David and his wife say they have tried unsuccessfully to reconnect with an estranged child but that it is time to review their will and leave them out. Rod Cunich offers guidance.
I would like to know if my wife and I can leave an adult child out of our wills due to no contact in almost nine years despite us having attempted to restore the relationship. We have heard conflicting statements and we now have reached the point where we are about to renew our wills and we need accurate advice.
A. The short answer is yes. That said, a child, even one who has been estranged for a long period of time, can challenge the will claiming that you made inadequate provision for him or her.
A court takes into account about 20 issues when making a determination, including the size of your estate and the needs of the estranged child. It is a complex matrix of facts that a court will consider.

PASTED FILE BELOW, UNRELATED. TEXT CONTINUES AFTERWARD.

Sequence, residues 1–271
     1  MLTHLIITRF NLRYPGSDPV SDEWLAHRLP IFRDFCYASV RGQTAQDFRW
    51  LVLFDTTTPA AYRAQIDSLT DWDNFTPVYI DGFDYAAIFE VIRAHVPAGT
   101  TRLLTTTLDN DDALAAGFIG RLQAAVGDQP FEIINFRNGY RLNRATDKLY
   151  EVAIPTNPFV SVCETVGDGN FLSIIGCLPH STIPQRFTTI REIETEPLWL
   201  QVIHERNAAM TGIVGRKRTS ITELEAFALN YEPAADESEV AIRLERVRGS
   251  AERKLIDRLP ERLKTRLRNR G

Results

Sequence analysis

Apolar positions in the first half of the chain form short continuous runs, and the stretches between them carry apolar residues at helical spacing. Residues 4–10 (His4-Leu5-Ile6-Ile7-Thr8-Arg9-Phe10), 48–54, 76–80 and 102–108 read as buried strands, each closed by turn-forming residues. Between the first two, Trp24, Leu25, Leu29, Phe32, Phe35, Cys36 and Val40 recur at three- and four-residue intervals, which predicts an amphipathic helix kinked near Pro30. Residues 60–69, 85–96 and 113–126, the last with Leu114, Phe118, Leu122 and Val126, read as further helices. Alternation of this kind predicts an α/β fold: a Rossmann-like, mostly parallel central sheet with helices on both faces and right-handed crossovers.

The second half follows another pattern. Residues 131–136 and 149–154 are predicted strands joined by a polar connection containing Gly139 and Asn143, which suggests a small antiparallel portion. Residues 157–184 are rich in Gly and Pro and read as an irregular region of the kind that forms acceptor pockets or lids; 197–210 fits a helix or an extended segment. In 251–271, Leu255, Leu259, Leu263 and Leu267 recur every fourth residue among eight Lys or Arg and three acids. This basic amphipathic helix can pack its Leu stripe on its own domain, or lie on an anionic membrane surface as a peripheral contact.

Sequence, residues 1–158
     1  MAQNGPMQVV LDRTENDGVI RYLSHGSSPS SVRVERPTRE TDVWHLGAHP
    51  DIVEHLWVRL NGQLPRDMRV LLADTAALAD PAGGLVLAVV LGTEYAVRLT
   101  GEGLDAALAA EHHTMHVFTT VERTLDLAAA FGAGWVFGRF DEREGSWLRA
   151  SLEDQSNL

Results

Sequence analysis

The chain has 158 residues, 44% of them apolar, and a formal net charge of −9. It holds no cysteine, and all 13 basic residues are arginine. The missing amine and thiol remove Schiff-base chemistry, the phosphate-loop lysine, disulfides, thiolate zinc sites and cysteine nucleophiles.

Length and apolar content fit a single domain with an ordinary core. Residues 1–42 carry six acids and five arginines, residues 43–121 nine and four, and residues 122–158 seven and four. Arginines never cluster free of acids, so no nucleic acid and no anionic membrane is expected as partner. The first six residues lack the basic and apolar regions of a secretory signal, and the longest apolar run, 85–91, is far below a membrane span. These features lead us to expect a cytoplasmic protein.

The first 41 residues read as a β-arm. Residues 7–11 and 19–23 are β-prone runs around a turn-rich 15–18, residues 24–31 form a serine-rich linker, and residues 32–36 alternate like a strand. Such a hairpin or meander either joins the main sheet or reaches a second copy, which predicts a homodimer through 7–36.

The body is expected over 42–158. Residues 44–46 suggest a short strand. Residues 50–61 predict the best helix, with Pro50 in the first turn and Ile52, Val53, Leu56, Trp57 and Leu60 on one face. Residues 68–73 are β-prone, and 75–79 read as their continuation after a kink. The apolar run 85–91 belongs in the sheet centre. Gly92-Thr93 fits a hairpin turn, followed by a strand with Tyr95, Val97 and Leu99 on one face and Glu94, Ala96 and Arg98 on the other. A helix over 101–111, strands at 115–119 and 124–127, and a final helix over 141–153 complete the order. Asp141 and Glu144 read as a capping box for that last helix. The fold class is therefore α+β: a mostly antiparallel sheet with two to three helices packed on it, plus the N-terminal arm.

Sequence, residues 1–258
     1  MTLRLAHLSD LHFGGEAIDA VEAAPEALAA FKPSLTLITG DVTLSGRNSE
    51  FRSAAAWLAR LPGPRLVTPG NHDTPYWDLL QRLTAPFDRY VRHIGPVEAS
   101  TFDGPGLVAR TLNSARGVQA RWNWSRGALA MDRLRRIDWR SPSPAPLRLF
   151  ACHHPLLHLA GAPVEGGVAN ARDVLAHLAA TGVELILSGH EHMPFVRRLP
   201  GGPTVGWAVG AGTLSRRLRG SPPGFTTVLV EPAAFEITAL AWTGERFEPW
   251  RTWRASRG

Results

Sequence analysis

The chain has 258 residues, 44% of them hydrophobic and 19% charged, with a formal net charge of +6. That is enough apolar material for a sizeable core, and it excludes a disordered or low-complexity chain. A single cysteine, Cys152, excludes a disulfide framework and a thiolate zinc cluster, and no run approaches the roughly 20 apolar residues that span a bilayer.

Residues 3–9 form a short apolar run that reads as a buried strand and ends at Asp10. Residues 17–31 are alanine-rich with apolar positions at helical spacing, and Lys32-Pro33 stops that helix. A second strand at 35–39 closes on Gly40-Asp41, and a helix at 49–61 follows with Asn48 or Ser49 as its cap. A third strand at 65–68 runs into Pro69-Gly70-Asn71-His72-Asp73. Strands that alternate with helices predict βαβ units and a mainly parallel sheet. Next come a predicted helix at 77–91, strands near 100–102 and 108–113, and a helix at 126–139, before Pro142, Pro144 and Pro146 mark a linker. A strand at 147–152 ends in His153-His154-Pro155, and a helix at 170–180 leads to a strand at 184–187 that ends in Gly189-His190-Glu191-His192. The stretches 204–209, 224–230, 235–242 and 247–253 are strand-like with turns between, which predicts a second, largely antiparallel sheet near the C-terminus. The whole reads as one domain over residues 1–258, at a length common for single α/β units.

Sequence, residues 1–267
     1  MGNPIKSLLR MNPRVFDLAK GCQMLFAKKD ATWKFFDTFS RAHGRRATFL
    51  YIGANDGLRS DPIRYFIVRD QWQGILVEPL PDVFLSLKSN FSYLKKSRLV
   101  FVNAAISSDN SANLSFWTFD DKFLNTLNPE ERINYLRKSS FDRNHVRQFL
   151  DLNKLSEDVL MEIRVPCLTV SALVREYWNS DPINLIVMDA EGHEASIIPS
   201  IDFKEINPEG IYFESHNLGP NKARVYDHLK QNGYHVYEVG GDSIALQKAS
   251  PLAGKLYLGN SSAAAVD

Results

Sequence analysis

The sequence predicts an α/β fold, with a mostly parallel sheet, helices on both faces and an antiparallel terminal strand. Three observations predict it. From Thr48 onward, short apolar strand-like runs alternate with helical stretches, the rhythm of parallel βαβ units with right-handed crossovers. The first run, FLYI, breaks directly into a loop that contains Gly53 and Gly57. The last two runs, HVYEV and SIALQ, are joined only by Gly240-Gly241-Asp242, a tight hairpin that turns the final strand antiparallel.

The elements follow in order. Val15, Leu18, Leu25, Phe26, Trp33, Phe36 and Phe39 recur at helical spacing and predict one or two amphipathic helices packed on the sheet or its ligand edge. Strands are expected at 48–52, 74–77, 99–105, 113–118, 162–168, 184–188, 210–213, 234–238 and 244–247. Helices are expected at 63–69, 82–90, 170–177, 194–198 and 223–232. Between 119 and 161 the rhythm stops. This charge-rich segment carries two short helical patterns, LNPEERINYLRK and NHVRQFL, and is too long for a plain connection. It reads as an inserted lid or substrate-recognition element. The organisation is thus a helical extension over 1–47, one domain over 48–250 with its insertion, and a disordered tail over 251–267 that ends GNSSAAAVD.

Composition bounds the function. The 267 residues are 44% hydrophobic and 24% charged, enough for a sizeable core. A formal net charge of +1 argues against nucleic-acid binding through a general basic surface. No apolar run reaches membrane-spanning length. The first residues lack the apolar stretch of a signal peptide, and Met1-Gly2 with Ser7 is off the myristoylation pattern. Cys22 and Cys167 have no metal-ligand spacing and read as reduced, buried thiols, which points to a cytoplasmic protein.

It is not uncommon for estranged children to succeed in such an action, particularly if they are in need of money.
The legislation allows you to make a statement – usually in the form of a statutory declaration – setting out your reasons for leaving out the child. This can help greatly in fending off a challenge.
You should consult an estate planning expert, who can review your circumstances in light of the issues a court would examine and advise you if you have good grounds to defeat a challenge.
A specialist can also prepare the appropriate statement for you if he/she determines it would be helpful.
You could consider transferring assets to other beneficiaries, but this has to be done with great caution due to the cost of transfer and potential taxation implications.
If your property is in NSW, complex claw-back provisions apply which could undo any such transfer made within three years of death – again an issue best explored with a specialist who has all the facts.
Rod Cunich is a lawyer with more than 30 years’ experience in estate planning. If you have a question for Rod, email it to [email protected].
Disclaimer: This information has been provided by Rod Cunich and should be considered general in nature. Seek legal advice before acting on this information.